Lee Shulman was born and raised in Chicago, the only son of Jewish immigrants who owned a small delicatessen called The Logan Delicatessen. These early experiences in the deli led to a profound appreciation of pastrami and the well-marbled life. Educated at a yeshiva high school, Shulman won a scholarship to the University of Chicago, where he studied philosophy and psychology. He entered the department of education and studied with Benjamin Bloom and Joseph Schwab, among others. He was particularly influenced by Schwab’s work on the structure of different disciplines, which later resurfaced in his work on teacher knowledge. This early introduction to disciplinary knowledge has been a consistent thread throughout Shulman’s career.
“Research begins in wonder and curiosity but ends in teaching” – Lee Shulman
Shulman’s first academic job was with the College of Education at Michigan State University. Never content to stay within departmental boundaries, Shulman collaborated with a colleague in the medical school, Arthur Elstein, who also happened to have been Lee’s college roommate and best man. This collaboration led to a study of medical decision making among expert diagnosticians (Medical Problem Solving). Two themes from this book have continued to resonate throughout Shulman’s careers: 1) the focus on cognition in professional practice, particularly under conditions of uncertainty and 2) the domain-specificity of expertise. He served as founding co-director of Institute for Research on Teaching at MSU, a research center that pioneered the study of teaching and teacher learning from a cognitive perspective, focussing on teacher thinking, decision making, and the conditions for teacher learning.
“The challenge is to get inside the heads of practitioners, to see the world as they see it, then to understand the manner in which experts construct their problem spaces, their defintions of the situation, thus permitting them to act as they do.”
– Lee Shulman
In 1982, Shulman moved to Stanford University’s School of Education, where he was to become the Charles E. Ducommun Professor Education. It was in his early years at Stanford that he engaged in in the research that yielded his conception of “pedagogical content knowledge,” the idea that launched a new stage of research in teaching and teacher education). His research team developed and field tested the teacher assessment prototypes that laid the foundation for the National Board for Professional Teaching Standards approach to evaluating accomplished teaching. During his tenure at Stanford (1982-1997) he also served as president of the American Educational Research Association and the National Academy of Education.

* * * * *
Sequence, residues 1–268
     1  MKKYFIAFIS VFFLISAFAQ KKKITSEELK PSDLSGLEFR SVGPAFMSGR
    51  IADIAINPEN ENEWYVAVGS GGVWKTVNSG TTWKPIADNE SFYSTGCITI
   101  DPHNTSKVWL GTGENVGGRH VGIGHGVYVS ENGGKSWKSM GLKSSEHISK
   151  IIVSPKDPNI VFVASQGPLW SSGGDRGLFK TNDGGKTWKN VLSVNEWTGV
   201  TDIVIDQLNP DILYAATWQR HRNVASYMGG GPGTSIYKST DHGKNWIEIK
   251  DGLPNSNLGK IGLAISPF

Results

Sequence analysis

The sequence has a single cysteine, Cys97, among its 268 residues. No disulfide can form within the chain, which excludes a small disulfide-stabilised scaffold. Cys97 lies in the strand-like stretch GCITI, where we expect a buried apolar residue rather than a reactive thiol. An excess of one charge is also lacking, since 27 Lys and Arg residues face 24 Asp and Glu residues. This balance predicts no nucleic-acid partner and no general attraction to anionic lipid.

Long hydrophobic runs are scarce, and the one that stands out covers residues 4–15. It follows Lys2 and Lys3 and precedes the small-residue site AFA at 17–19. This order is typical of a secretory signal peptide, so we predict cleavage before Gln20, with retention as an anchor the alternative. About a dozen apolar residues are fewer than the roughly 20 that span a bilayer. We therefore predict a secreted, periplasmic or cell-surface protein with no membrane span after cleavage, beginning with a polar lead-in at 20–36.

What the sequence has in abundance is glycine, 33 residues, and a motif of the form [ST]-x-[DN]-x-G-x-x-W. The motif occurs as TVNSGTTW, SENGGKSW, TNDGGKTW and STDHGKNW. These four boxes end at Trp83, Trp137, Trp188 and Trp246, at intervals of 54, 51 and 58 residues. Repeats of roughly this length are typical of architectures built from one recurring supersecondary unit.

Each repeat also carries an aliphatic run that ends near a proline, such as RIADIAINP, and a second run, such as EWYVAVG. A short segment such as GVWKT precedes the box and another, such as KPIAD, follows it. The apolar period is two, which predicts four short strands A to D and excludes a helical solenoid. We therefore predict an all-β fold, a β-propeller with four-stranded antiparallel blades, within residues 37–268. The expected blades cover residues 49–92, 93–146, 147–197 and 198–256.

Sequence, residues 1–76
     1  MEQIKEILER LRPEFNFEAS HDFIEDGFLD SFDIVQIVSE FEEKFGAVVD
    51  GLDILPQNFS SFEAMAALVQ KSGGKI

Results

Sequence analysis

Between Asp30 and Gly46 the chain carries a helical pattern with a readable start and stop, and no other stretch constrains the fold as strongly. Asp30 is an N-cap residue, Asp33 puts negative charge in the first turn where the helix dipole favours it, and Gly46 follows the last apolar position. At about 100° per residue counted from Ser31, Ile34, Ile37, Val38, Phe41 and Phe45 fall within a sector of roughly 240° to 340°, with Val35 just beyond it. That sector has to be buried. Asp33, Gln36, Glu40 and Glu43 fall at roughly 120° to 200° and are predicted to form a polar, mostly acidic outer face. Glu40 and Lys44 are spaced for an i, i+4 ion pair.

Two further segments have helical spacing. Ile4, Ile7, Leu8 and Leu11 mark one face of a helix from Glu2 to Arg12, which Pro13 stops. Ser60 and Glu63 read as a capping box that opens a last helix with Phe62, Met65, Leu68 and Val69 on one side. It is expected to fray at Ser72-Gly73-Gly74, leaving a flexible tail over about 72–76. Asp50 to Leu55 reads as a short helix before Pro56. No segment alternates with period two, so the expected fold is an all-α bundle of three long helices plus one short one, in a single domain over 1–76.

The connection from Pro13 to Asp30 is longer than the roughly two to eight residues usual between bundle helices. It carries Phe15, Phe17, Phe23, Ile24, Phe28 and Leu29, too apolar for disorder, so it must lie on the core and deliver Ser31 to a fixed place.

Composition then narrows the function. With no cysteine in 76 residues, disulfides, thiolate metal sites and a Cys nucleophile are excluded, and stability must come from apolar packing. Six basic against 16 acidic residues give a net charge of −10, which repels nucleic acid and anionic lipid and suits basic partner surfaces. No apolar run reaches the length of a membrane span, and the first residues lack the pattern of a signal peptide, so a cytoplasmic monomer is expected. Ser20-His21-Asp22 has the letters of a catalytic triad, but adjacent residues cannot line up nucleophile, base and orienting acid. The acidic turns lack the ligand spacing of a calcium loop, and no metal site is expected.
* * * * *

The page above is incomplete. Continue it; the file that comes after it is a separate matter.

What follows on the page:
“Within the category of pedagogical content knowledge, I include, for the most regularly taught topics in one’s subject area, the most useful form of representation of those ideas, the most powerful analogies, illustrations, examples, explanations, and demonstrations—in a word, the ways of representing and formulating the subject that make it comprehensible to others.” – Lee Shulman
In 1996, he was named the 8th president of The Carnegie Foundation for the Advancement of Teaching, a position he actively undertook in August 1997, when the home of this 92-year-old institution was moved from the east coast to the Stanford neighborhood. Six years later, it would occupy its newly built home on Stanford land, on a hillside just above the Center for Advanced Study in the Behavioral Sciences overlooking Stanford and San Francisco Bay. During his 11-year service as president, the Foundation celebrated its centennial, building upon the legacy of research and policy in higher and professional education from Henry Pritchett and Abraham Flexner to William Learned and Clark Kerr, and from John Gardner to Ernest Boyer.
Lee Shulman has spent his professional life advocating for the importance of teaching at all levels, from kindergarten through graduate school. He is best known for his work on the knowledge base of teaching, including the construct of pedagogical content knowledge, for his efforts to promote the scholarship of teaching and learning in higher education, and for his studies of professional education. Since his retirement from the presidency of the Carnegie Foundation in 2008, he has devoted much of his attention to the field of Jewish Education and the importance of developing rigorous applied research at the intersection of religion and education. This website reflects the range of his interests and his impact on scholarship and institutions worldwide.
- 1968 – Fellow, American Psychological Association
- 1973-74 – Guggenheim Fellow
- 1976-78 – Editor, Review of Research Education
- 1977 – Distinguished Faculty Award, Michigan State University
- 1979-80 – Fellow, Center for Advanced Study in Behavioral Science
- 1984-85 – President, American Education Research Association
- 1986 – Outstanding Writing Award, American Association of College for Teacher Education
- 1987 – Distinguished Leadership Award, Association of Teacher Educators
- 1989 – American Educational Research Association Award for Distinguished Contributors to Educational Research
- 1989-1993 – President, National Academy of Education
- 1994 – Crystal Apple Award, California Council on the Education of Teachers
- 1995 – E.L. Thorndike Award for Distinguished Psychological Contributions to Education, American Psychological Association
- 1995 – John Dewey Annual Lecturer, John Dewey Society
- 2002 – Fellow, American Academy of Arts & Sciences
- 2003 – Fellow, American Association for the Advancement of Science
- 2004 – George Washington University President’s Medal
- 2004-07 – Chair, Harvard Graduate School of Education Visiting Committee
- 2006 – Grawmeyer Award in Education
- 2007 – Teachers College Medal
- 2008 – Lifetime Achievement Award, American Association of Colleges for Teacher Education